“The combination of better control of infection at the source, that is, helping the infected person not to transmit, and also prevention programs including testing and condom availability aimed at entire populations at risk, makes New York City’s program the closest we have found to what we consider the optimal strategy,” said Hattis. “What we want is for every city and state, and every nation, to replicate the sort of things that New York City is doing to control this disease.”


In November 2012, the Beyond AIDS Foundation conducted continuing medical education programs in Southern California, in conjunction with the annual meeting of the Beyond AIDS membership organization, and in observance of World AIDS Day. These programs both provided state-of-the art updates on HIV treatment, and explained the role that treatment now plays in the foundation's strategy for control of HIV transmission.

A November 17 seminar, conducted at the education pavilion of Redlands Community Hospital, featured Dr. Monica Sweeney, Assistant Commissioner of Health for HIV Prevention and Control, New York City; and Dr. Peter Kerndt, Chief of STD Control for Los Angeles County. Dr. Sweeney presented the model HIV/AIDS treatment and prevention program of the New York City Department of Public Health, including massive condom distribution, widespread HIV testing, and routine linkage of persons who test positive to treatment and partner services. Identification of new infections and onset of treatment are occurring earlier, with prospects for reducing HIV incidence. These are key elements for a comprehensive HIV control and treatment strategy as recommended by the foundation and its sponsoring membership organization, Beyond AIDS.
Dr. Sweeney demonstrates poster used to promote NYC testing
Dr. Kerndt reported on a recent multi-county syphilis outbreak in Southern California, associated with lack of condom use by the adult film industry.  This association was relevant in view of the approval earlier in November by L.A. County voters of a ballot proposal to require condom use by that industry. He also reviewed the diagnosis and treatment of syphilis, including new laboratory testing technology, and the association between syphilis and HIV infection.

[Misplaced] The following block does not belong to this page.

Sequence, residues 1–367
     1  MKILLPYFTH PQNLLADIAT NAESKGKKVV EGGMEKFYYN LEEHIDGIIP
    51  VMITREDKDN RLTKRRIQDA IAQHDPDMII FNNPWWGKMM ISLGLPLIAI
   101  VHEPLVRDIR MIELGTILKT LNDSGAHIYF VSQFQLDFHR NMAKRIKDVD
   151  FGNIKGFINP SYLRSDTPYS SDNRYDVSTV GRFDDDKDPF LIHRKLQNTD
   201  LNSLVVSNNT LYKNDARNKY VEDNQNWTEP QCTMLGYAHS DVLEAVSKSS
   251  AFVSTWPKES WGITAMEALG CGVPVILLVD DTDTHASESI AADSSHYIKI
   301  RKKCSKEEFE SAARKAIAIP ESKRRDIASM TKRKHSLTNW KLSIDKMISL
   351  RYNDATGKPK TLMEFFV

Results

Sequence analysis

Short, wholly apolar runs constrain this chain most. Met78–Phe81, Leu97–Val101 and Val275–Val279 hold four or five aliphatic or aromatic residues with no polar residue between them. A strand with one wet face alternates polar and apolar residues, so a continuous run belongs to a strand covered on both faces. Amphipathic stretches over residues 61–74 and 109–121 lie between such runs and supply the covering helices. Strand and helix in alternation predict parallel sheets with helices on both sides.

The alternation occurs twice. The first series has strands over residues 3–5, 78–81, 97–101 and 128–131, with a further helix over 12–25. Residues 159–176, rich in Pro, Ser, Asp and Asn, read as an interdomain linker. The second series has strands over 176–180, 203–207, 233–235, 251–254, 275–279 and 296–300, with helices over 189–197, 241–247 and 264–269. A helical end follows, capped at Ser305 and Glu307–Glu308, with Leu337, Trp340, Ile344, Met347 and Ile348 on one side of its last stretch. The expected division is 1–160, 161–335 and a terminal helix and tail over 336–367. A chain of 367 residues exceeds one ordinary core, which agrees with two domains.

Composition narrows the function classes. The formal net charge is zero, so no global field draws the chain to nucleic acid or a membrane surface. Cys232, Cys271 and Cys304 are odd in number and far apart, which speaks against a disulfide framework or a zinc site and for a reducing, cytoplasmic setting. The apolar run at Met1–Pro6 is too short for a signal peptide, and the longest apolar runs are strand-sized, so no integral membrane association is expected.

Dr. Kerndt explains advances in testing methods for syphilis
Two other presentations at the seminar were provided by Dr. Ron Hattis, Beyond AIDS President. Dr. Hattis reviewed the most recent national guidelines for treatment of HIV/AIDS, which for the first time recommend offering treatment to all infected persons regardless of their CD4 counts. He reviewed the evidence that effective treatment, which suppresses "viral load" (the amount of HIV virus in blood) to undetectable levels, can reduce HIV transmission by up to 96%, a concept commonly referred to as "treatment as prevention." This is a cornerstone in the recommended strategy of Beyond AIDS for controlling the HIV epidemic (see However, this strategy can only be effective if infections are detected and effective treatment is instituted much earlier than has been traditional, i.e.,  before transmission occurs. Dr. Hattis also provided information and a model checklist to help providers comply with California's unique legal requirements for testing without written consent, and similar information and a checklist for performing or referring partner services.

On November 30, 2012, Hattis was the featured speaker at Loma Linda University in advance of World AIDS Day. He reviewed the history of World AIDS Day, and delivered another update on the treatment and prevention of HIV/AIDS, again explaining how early onset of treatment and following the Beyond AIDS model could reduce national HIV/AIDS incidence by at least 60%.
Dr. Hattis presenting World AIDS Day lecture at Loma Linda University
Implementation of the 2012 guidelines from the U.S. Health and Human Services Panel on Antiretroviral Treatment for Adults and Adolescents (posted on the NIH Website), and from the International Antiretroviral Society-U.S., both of which recommend treatment of all infected persons, has lagged as this aspect of the new guidelines has not been actively promoted to providers and patients. The Beyond AIDS Foundation seeks to stimulate further education for both, to hasten implementation of earlier treatment which can benefit both patients and public health.